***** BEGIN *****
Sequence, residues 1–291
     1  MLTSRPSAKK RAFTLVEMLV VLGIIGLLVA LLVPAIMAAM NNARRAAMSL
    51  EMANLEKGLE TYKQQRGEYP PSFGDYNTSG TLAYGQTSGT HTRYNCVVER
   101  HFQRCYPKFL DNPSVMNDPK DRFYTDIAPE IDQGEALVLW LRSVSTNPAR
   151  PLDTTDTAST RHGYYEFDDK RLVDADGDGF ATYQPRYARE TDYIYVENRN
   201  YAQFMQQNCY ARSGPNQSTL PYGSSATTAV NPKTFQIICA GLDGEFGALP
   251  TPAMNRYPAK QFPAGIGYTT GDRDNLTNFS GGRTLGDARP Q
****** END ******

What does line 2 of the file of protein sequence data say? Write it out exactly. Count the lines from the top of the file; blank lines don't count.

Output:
     1  MLTSRPSAKK RAFTLVEMLV VLGIIGLLVA LLVPAIMAAM NNARRAAMSL